My books can be purchased as e-books for only $1.99. If interested, just click here: Books.
Match Play is a golf/suspense novel. Dust of Autumn is a bloody one set in upstate New York. Prairie View is set in South Dakota, with a final scene atop Rattlesnake Butte. Life in the Arbor is a children's book about Rollie Rabbit and his friends (on about a fourth grade level). The Black Widow involves an elaborate extortion scheme. Doggy-Dog World is my memoir. And ES3 is a description of my method for examining English sentence structure.
In case anyone is interested in any of my past posts, an archive list can be found at the bottom of this page.
My newest novel, Happy Valley, can be found here.

Thursday, November 15

Skyfall & Pickles

I’ve been an Ian Fleming fan for years, having found him in the seventies, after most of the 007’s had been written and quite a few of the early films already come and gone. I found all the books in the series and ate them up like popcorn. I hadn’t seen most of the Bond films in recent years, but I thought I’d give Skyfall, this latest one, a try, especially since it got such great reviews. After two hours and twenty-three minutes, I don’t think I quite agree with those great reviews. It was good, not great. But the cinematography was excellent. Shanghai at night looked like a futuristic fairyland, and Bond’s old family castle, Skyfall, out in the Scottish boonies was starkly beautiful. The action was as violent and exciting as ever and the cast were all good, especially Judi Dench as M and Javier Bardem as the oh so blond, oh so vile Silva and, of course, Daniel Craig as the aging agent 007. This was no country for old agents, and 007 was weary and felt outdated, just as M and the entire agency was outdated. But someone had stolen a computer that held the entire list of agents in deep cover within terrorist organizations around the world. Thus the reason for Bond and his young fellow agent Eve chasing the thief through the streets of Istanbul. It seems that auto and motorcycle chases through Istanbul are a required ingredient for many current action films. And this one was almost a carbon copy of Liam’s Neeson’s pursuit in Taken 2 and Jeremy Renner’s Manila chase in The Bourne Legacy, lots of smashed autos and flying fruit and who knows how many people killed in collateral damage. I’m willing to follow Coleridge’s dictum of willingly suspending my disbelief, but Skyfall asks me to hang from a suspension bridge as high as the one Bond falls from into the river below. No one, not even James Bond, could have survived such a fall. But he did, and only a little worse for wear. There were also too many questions left unanswered, too many details that, although maybe not nonsense, didn’t make a lot of sense. Mallory (Ralph Fiennes), head of the Foreign Intelligence wing, would cast out the old relics in the agency, especially M, in favor of the new, younger people like Q (Ben Whishaw), Bond’s new quartermaster, who tells him they no longer use all those high-tech gadgets from the past. Now it’s all cyberspace and computer wizardry. And Bond, although not what he once was, seems fated to return for another fifty years.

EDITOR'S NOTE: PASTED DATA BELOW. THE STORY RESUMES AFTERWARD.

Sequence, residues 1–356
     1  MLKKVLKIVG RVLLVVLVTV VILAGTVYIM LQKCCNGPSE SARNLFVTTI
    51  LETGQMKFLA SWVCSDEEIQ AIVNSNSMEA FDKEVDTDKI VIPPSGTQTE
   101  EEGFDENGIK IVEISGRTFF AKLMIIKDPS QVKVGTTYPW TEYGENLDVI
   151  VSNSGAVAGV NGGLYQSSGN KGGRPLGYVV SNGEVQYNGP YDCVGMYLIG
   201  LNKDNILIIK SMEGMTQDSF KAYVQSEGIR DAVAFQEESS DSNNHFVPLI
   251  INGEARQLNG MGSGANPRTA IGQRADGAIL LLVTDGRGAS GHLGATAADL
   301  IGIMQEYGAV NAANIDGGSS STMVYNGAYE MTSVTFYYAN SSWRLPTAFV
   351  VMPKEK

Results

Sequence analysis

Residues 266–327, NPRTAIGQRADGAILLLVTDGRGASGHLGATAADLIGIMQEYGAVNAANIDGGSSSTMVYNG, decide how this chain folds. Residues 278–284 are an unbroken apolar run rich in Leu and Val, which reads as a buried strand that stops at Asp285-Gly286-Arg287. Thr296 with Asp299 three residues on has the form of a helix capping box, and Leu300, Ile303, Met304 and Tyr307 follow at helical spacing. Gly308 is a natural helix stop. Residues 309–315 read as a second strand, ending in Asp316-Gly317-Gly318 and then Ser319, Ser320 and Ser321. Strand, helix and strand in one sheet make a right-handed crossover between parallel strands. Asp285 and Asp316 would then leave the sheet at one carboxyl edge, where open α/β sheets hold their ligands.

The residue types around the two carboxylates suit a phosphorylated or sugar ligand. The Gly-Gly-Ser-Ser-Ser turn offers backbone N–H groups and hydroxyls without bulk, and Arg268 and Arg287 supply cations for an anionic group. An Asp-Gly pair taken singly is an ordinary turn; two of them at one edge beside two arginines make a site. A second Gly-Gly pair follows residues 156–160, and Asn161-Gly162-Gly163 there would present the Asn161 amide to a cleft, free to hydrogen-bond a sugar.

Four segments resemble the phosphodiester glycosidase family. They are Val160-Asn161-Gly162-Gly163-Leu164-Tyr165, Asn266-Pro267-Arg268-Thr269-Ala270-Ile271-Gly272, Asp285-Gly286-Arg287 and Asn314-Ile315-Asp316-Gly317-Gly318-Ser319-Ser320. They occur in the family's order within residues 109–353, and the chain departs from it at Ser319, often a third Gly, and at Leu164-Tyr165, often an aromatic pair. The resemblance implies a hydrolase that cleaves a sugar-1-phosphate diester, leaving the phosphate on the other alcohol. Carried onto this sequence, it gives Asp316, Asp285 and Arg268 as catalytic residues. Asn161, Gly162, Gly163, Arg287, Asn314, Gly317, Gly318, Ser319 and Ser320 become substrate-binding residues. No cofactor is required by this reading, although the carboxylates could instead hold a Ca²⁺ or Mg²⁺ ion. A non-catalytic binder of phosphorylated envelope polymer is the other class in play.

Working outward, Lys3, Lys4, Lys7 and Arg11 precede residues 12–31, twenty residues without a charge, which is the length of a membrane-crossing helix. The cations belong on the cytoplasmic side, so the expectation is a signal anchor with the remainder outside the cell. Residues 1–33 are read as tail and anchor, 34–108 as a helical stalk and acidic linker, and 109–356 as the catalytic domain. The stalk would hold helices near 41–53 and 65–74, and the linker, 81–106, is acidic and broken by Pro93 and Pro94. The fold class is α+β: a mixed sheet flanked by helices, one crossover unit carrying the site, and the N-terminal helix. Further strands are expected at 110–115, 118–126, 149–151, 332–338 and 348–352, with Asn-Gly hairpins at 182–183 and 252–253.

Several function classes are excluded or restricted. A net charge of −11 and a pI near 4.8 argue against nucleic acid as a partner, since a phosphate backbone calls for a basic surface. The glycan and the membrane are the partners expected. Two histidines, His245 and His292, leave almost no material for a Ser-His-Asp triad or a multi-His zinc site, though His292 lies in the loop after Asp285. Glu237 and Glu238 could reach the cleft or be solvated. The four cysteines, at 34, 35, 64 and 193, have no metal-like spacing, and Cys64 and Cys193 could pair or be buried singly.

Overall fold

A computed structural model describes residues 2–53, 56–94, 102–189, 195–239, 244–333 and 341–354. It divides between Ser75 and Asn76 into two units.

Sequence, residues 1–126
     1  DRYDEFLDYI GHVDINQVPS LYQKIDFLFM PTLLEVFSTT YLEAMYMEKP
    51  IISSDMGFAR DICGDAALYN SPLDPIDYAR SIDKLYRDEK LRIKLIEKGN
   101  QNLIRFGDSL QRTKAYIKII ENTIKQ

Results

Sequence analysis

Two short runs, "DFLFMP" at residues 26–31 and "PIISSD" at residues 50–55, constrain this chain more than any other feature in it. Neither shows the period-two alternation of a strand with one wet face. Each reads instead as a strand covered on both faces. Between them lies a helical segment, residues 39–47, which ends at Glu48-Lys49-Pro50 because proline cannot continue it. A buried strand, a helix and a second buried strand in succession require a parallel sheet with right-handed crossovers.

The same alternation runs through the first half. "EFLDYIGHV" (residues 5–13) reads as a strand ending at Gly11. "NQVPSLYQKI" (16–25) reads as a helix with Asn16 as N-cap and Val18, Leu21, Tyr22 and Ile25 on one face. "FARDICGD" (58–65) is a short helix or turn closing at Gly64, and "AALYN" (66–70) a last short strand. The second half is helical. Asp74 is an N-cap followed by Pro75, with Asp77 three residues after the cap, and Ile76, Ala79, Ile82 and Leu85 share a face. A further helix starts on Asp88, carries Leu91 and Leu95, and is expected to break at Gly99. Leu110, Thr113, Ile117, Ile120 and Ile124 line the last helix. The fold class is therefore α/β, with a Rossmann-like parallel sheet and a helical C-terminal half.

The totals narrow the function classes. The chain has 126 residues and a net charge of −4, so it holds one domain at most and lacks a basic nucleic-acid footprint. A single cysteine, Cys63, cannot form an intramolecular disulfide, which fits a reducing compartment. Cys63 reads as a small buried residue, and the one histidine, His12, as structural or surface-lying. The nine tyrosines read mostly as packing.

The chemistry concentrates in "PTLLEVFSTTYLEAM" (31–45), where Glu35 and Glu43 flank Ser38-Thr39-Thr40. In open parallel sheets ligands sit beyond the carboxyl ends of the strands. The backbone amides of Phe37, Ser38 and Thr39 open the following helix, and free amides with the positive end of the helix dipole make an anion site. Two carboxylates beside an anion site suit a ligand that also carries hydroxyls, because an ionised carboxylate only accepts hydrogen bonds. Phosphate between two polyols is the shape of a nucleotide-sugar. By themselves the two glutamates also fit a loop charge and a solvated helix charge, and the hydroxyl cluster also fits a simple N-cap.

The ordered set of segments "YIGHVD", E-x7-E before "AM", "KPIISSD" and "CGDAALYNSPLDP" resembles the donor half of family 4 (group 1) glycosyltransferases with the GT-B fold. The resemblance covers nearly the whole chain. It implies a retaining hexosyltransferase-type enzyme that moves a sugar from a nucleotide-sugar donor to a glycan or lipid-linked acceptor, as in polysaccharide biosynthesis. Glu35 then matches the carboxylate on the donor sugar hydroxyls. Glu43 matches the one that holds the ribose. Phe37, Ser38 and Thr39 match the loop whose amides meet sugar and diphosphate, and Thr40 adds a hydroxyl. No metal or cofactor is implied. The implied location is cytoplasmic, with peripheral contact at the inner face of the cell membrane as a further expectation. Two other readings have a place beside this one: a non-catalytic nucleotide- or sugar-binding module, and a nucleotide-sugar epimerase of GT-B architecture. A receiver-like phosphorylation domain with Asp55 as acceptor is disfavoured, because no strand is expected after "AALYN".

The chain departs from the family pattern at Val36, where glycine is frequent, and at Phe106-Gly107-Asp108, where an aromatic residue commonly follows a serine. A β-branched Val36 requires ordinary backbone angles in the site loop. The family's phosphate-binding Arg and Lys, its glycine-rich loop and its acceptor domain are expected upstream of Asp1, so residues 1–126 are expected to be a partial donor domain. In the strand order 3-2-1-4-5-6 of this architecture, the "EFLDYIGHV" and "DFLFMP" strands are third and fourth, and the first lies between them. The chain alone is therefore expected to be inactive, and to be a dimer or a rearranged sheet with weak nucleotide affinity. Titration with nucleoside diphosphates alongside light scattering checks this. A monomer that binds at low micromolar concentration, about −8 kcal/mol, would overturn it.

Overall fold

Here's some more cat truth from Pickles:

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